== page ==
The UConn Ornithology Group does research on a wide variety of topics, some of which are focused in individual labs, but many of which engage people in multiple labs (often with direct collaboration). Below are some of the main areas in which we work, with examples of the kind of studies that we do.
Several lab groups study the behavior of birds. The Elphick lab investigates the way that behavior affects vital rates and can influence species conservation, the Knutie lab studies the links between behavior and disease transmission, the Tingley lab is developing techniques for quantifying home range and movement patterns, and the Rubega lab studies the links between morphology and behavior.
- Borowske, A., C.R. Field, K.J. Ruskin, and C.S. Elphick. 2018. Consequences of breeding system for body condition and survival throughout the annual cycle of tidal marsh sparrows. Journal of Avian Biology 49:jav-01529.
- Knutie, S.A., S.M. McNew, A.W. Bartlow, D.A. Vargas, and D.H. Clayton. 2014. Darwin’s finches combat introduced nest parasites with fumigated cotton. Current Biology 24:R355-356.
- LaFleur, N., M. Rubega, and C.S. Elphick. 2007. Invasive fruits, novel foods, and choice: an investigation of European starling and American robin frugivory. Wilson Journal of Ornithology 119:429-438.
Biomechanics & Functional Ecology
How birds are built, how that influences their function, and how that relates to their use of habitat is a central activity in some labs. The Rubega lab, in particular, focuses on feeding in birds, ranging from the mechanics of prey capture and to the role that vision plays in detecting and capture of prey. Research in the Tingley lab is focused on the physiological consequences of climate change for birds.
- Sustaita, D., M.A. Rubega, and S. Farabough. 2018. Come on baby, let’s do the twist: the kinematics of killing in loggerhead shrikes. Biology Letters 14:20180321.
- Rico Guevara, A. and M.A. Rubega. 2017. Functional morphology of hummingbird bill tips: their function as tongue wringers. Zoology 123:1-10.
- Burgio, K., M.A. Rubega, and D. Sustaita. 2014. Nest-building behavior of Monk Parakeets and insights into potential mechanisms for reducing damage to utility poles. PeerJ 2:e601.
A number of UCONN researchers are broadly interested in how bird communities are structured and change over time. The Tingley lab is leading several long-term studies of how bird communities respond to climate and to disturbance events like fire, with a strong focus on statistical models for understanding community shifts. The Elphick lab is studying bird communities in tidal marshes and fragmented forests, and the Hird lab is studying the ecology of the microbial communities that live on and in birds. Working with the CT Department of Energy and Environmental Protection, UCONN is currently running the second Connecticut Bird Atlas, which seeks to understand how bird communities have changed over the last 35 years.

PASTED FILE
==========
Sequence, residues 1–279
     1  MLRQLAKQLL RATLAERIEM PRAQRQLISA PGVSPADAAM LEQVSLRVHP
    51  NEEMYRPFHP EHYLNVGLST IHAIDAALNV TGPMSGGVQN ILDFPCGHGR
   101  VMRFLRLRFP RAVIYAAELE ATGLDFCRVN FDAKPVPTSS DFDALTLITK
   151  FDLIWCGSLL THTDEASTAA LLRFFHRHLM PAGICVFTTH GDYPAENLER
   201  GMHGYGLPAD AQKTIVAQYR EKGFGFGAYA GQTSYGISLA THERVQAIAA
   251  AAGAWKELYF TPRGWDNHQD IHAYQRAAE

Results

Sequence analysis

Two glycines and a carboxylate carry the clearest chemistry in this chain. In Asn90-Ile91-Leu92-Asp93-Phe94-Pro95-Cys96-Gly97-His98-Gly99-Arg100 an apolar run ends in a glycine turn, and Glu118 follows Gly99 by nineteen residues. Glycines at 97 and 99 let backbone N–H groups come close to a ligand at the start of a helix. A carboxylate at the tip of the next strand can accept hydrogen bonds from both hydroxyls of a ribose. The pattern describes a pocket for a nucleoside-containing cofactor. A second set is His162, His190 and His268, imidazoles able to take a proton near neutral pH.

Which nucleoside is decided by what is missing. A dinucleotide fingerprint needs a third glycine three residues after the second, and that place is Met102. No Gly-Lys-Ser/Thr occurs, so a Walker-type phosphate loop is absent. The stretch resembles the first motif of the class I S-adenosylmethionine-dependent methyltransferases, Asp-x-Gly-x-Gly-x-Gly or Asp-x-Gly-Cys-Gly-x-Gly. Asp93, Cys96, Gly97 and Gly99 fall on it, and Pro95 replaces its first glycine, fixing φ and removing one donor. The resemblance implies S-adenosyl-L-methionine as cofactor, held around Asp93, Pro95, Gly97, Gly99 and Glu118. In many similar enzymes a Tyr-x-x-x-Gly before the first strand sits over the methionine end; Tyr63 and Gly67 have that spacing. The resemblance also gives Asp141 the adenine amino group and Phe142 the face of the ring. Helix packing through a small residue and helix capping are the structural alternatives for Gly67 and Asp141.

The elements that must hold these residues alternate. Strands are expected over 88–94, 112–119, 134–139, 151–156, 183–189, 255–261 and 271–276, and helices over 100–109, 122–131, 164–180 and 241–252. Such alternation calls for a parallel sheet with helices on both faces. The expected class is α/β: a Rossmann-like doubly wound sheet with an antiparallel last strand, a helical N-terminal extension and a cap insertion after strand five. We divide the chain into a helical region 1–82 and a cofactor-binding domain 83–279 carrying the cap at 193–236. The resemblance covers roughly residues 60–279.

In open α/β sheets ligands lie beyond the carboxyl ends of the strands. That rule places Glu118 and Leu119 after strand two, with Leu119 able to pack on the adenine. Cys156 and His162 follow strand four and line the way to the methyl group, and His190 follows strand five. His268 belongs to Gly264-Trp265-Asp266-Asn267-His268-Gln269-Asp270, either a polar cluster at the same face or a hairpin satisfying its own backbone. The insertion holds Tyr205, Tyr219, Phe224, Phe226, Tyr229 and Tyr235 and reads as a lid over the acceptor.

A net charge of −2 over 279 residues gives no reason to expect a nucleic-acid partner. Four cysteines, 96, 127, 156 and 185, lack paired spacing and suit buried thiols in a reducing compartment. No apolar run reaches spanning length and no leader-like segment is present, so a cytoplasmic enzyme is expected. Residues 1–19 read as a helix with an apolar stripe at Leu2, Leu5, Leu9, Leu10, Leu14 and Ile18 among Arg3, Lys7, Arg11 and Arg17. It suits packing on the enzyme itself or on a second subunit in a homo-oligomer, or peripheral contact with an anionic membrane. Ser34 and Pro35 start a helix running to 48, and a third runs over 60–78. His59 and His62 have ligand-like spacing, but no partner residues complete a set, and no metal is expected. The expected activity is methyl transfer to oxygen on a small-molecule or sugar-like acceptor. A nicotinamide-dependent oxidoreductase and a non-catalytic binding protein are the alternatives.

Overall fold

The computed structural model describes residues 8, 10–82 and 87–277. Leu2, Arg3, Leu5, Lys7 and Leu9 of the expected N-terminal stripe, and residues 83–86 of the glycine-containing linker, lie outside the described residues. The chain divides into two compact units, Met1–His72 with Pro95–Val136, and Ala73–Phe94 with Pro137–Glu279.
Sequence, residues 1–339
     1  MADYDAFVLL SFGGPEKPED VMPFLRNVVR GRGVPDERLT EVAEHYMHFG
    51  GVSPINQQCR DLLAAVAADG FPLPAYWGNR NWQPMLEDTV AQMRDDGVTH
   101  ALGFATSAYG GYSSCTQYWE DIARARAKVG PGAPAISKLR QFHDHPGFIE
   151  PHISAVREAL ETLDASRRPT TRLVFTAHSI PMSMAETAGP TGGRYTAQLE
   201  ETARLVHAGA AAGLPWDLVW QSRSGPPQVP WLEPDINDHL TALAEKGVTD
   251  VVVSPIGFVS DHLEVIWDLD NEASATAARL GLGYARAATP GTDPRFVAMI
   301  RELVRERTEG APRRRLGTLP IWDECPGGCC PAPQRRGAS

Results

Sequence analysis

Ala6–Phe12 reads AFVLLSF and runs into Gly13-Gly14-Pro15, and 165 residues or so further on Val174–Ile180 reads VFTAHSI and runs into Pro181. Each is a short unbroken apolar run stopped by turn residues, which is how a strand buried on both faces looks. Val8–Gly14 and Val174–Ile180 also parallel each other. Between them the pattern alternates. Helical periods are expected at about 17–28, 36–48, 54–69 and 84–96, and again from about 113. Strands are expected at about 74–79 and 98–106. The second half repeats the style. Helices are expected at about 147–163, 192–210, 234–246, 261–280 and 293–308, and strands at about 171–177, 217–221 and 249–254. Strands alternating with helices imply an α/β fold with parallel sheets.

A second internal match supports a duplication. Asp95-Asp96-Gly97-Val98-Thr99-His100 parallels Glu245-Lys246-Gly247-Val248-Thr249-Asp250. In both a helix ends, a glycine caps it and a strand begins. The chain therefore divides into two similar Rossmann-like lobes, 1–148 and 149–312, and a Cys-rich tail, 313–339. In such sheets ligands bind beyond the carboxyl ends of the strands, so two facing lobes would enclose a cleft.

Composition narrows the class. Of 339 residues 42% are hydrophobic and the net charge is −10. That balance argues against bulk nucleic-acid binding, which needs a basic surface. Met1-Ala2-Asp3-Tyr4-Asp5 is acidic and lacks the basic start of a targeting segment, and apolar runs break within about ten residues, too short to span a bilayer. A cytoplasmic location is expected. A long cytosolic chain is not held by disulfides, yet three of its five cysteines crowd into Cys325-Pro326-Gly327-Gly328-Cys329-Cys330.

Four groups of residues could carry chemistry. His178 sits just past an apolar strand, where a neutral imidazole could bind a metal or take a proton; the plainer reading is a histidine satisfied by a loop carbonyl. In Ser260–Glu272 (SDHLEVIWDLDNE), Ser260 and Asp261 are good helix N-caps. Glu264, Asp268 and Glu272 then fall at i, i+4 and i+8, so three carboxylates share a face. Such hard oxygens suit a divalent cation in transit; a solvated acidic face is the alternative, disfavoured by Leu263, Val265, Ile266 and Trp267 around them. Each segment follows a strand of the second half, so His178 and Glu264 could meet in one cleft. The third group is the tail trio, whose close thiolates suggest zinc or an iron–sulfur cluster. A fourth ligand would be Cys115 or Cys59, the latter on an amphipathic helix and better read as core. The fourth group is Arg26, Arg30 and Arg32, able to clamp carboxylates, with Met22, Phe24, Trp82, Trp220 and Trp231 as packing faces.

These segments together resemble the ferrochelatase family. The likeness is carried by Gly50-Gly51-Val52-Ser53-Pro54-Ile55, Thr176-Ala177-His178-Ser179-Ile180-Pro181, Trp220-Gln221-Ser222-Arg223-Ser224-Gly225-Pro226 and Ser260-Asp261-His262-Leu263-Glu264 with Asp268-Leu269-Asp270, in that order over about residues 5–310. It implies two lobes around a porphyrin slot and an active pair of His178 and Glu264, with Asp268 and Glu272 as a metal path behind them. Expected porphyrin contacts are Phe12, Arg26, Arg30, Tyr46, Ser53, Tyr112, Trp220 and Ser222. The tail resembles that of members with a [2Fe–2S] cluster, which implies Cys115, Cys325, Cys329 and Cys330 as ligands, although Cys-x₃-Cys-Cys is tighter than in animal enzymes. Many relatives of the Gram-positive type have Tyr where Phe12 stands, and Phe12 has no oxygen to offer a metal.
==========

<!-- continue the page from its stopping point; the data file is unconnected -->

- Si, X., M.W. Cadotte, Y. Zhao, H. Zhou, D. Zeng, J. Li, T. Jin, P. Ren, Y. Wang, P. Ding, and M.W. Tingley. 2018. The importance of accounting for imperfect detection when estimating functional and phylogenetic community structure. Ecology 99:2103–2112.
- Srinivasan, U., P.R. Elsen, M.W. Tingley, and D.S. Wilcove. 2018. Temperature and competition interact to structure Himalayan bird communities. Proceedings of the Royal Society B 285:20172593.
- Tingley, M.W., V. Ruiz-Gutierrez, R, Wilkerson, C. Howell, and R. Siegel. 2016. Pyrodiversity promotes avian diversity over the decade following forest fire. Proceedings of the Royal Society B 283:20161703.
In additional to studying birds and their habitat, members of the group studies birds as habitat for other creates. The Hird lab interrogates many aspects of the ecology and evolution of the avian microbiome and the Knutie lab uses the microbiome to understand the causes and consequences of disease on avian health.
- Hird, S.M. 2017. Evolutionary biology needs wild microbiomes. Frontiers in Microbiology 8:725.
- Knutie, S.A. and K.M. Gotanda. 2018. A non-invasive method to collect fecal samples from wild birds for microbiome studies. Microbial Biology 76:851–855.
Population dynamics and the processes that affect them are central to work in several labs. For example, the Tingley lab studies woodpecker populations in California, the Elphick lab studies populations of several tidal marsh specialist birds, and the Knutie lab studies the population consequences of disease.
- Field, C.R., K.J. Ruskin, B. Benvenuti, A. Borowske, J.B. Cohen, L. Garey, T.P. Hodgman, R.A. Kern, E. King, A.R. Kocek, A.I. Kovach, K.M. O’Brien, B.J. Olsen, N. Pau, S.G. Roberts, E. Shelly, W.G. Shriver, J. Walsh, and C.S. Elphick. 2018. Quantifying the importance of geographic replication and representativeness when estimating demographic rates, using a coastal species as a case study. Ecography 41:971-981.
- Tingley, M.W., A.N. Stillman, R.L. Wilkerson, C.A. Howell, S.C. Sawyer, and R.B. Siegel. 2018. Cross-scale occupancy dynamics of a postfire specialist in response to variation across a fire regime. Journal of Animal Ecology 87:1484–1496.